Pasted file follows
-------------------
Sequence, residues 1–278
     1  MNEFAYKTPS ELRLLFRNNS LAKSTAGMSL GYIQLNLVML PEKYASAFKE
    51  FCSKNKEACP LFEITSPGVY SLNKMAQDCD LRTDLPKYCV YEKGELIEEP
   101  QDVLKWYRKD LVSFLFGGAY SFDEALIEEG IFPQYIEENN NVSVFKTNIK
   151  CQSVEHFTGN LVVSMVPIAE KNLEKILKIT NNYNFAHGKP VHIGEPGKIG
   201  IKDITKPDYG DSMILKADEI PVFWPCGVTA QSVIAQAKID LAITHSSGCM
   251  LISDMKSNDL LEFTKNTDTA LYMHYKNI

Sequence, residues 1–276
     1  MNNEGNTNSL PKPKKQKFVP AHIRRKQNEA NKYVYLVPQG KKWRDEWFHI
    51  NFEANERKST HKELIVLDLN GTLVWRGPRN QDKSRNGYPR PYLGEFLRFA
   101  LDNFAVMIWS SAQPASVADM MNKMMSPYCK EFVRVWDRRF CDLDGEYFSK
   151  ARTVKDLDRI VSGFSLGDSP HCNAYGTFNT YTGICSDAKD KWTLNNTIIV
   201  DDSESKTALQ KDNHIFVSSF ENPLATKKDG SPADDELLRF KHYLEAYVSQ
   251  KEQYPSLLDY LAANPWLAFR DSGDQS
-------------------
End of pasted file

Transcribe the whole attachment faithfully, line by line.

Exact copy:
Sequence, residues 1–278
     1  MNEFAYKTPS ELRLLFRNNS LAKSTAGMSL GYIQLNLVML PEKYASAFKE
    51  FCSKNKEACP LFEITSPGVY SLNKMAQDCD LRTDLPKYCV YEKGELIEEP
   101  QDVLKWYRKD LVSFLFGGAY SFDEALIEEG IFPQYIEENN NVSVFKTNIK
   151  CQSVEHFTGN LVVSMVPIAE KNLEKILKIT NNYNFAHGKP VHIGEPGKIG
   201  IKDITKPDYG DSMILKADEI PVFWPCGVTA QSVIAQAKID LAITHSSGCM
   251  LISDMKSNDL LEFTKNTDTA LYMHYKNI

Sequence, residues 1–276
     1  MNNEGNTNSL PKPKKQKFVP AHIRRKQNEA NKYVYLVPQG KKWRDEWFHI
    51  NFEANERKST HKELIVLDLN GTLVWRGPRN QDKSRNGYPR PYLGEFLRFA
   101  LDNFAVMIWS SAQPASVADM MNKMMSPYCK EFVRVWDRRF CDLDGEYFSK
   151  ARTVKDLDRI VSGFSLGDSP HCNAYGTFNT YTGICSDAKD KWTLNNTIIV
   201  DDSESKTALQ KDNHIFVSSF ENPLATKKDG SPADDELLRF KHYLEAYVSQ
   251  KEQYPSLLDY LAANPWLAFR DSGDQS